ATLANTA - We put a lot of wear and tear on our knees.

"Over the last six years or so, I started running more and just working out more, just trying to be more, take care of my body better, and unfortunately my knees were not very happy with that," said Megan Denham, a senior research associate at Georgia Tech Research Institute and Center for Advanced Communications Policy.

Frequent knee pain affects about one in four adults, and Omer Inan, a professor and former discus thrower, knows all about it.

"I started to notice that I would have sometimes these sounds and kind of creaking effects coming from my knees," shared Inan, an associate professor of electrical and computer engineering at Georgia Tech.

Now, he is the mastermind behind a wearable knee sensor, which uses microphones to measure the vibrations of the surface of the skin and listen in on the sounds the knee makes.

"You have to realize that your joints making sounds are normal," explained Caitlin Teague, a Ph.D. student at Georgia Tech.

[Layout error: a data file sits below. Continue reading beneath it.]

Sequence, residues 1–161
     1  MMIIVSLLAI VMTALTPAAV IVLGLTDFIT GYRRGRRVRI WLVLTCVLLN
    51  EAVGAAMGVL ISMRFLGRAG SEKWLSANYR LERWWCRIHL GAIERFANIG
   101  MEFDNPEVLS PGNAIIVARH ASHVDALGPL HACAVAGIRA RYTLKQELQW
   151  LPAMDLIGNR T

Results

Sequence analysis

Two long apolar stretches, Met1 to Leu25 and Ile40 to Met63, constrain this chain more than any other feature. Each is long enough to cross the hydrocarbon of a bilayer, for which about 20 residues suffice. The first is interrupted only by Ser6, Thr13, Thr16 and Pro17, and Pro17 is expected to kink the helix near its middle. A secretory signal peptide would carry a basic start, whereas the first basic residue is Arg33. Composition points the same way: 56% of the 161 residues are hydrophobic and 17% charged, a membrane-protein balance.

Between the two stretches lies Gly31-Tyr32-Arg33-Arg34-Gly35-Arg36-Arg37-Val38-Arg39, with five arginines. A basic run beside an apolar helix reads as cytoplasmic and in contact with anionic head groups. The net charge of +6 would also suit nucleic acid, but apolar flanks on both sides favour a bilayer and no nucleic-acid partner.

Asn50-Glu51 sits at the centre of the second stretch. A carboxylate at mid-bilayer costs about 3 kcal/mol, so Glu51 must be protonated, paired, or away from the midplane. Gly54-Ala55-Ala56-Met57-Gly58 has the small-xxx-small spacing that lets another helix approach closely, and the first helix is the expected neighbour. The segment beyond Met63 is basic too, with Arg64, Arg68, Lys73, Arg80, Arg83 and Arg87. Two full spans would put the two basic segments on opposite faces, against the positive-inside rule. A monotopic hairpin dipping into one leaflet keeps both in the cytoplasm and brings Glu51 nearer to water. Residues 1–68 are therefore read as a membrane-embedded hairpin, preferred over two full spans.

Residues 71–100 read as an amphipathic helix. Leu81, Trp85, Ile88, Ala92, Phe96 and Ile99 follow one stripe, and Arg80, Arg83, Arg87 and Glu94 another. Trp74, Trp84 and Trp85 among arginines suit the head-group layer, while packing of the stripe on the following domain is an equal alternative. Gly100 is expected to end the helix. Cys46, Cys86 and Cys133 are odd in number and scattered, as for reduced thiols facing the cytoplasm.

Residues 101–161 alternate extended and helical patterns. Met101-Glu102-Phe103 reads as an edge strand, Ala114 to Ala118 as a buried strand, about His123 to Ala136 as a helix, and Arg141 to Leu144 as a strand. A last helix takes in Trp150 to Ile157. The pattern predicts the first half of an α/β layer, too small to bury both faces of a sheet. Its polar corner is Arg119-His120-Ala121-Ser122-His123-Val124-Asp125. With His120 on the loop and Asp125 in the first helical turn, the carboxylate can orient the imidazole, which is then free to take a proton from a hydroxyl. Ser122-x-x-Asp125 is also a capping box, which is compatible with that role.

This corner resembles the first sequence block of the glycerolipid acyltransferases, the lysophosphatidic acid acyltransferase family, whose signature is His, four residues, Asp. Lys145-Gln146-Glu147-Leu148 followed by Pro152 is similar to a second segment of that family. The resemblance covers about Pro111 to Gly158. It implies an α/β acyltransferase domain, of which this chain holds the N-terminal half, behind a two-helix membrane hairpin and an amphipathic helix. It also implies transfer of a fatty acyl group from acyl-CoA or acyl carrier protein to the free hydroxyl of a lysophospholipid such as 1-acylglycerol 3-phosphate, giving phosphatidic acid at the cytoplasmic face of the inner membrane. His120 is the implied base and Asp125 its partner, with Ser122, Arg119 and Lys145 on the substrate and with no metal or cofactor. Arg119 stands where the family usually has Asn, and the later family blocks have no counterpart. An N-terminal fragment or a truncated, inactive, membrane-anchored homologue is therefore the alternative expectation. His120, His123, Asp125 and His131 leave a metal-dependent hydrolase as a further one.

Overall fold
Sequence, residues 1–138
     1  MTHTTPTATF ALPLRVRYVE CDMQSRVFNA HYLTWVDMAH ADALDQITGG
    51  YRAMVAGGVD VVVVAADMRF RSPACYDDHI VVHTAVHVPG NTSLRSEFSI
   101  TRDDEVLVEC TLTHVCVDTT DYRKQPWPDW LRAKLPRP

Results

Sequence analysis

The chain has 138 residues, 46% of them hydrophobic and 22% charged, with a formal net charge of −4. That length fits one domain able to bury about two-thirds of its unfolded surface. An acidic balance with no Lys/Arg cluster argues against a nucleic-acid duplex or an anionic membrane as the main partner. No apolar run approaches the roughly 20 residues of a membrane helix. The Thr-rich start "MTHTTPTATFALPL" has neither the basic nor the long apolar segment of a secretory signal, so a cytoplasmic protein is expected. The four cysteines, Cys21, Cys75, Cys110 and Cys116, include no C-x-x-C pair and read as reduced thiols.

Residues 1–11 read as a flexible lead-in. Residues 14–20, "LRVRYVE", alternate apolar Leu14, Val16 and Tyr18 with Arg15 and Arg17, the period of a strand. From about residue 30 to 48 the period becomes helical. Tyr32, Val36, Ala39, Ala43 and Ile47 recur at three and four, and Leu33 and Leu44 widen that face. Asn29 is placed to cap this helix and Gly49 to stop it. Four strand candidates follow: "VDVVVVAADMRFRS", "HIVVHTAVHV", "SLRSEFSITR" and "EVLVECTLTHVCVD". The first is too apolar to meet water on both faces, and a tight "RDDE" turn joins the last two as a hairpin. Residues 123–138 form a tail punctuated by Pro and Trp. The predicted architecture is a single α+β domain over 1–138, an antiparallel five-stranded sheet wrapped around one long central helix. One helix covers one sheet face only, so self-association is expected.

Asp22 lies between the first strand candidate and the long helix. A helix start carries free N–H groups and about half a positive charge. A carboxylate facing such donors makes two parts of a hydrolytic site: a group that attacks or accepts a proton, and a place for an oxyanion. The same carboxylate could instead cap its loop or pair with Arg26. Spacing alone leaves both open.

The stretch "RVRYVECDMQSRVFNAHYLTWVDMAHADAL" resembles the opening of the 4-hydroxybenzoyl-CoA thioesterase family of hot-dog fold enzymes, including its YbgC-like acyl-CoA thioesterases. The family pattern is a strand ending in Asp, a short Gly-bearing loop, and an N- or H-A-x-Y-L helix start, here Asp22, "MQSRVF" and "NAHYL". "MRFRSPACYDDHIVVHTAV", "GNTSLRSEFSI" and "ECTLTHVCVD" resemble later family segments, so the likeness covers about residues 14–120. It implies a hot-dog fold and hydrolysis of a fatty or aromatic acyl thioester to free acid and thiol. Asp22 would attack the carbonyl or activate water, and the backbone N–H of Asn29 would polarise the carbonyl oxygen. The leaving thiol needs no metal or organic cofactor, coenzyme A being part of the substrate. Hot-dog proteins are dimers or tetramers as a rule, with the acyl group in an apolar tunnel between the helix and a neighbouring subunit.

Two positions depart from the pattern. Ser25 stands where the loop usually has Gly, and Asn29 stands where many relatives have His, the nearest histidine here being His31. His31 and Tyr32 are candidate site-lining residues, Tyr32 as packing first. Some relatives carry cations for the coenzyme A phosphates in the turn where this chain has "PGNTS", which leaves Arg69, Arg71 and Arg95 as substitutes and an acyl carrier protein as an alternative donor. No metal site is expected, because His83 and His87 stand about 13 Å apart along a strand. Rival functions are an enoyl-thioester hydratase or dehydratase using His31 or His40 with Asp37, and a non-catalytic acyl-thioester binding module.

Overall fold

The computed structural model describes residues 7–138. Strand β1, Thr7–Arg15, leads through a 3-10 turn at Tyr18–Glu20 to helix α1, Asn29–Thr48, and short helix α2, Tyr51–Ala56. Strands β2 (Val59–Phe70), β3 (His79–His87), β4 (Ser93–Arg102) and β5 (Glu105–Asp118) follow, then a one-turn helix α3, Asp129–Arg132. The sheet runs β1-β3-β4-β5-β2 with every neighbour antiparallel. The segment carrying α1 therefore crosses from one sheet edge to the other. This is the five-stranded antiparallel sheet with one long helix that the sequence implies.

The team did a study where it compared healthy knees to injured knees.

"What we found that an injured knee has more variability in their sounds," Inan said.

They hope to use this technology to help doctors determine whether a joint is healthy or if it needs more therapy.

"I think that by having these devices out there, we can empower patients and their families and their caregivers to have better data on the long-term basis about how their knees are doing," Inan said.

Inan said healthy young kids without any knee problems have almost no sounds produced by their knees. At least the sounds could be quiet enough where the device can't even pick it up. Healthy people age 18 and older will most likely produce sounds in their knees.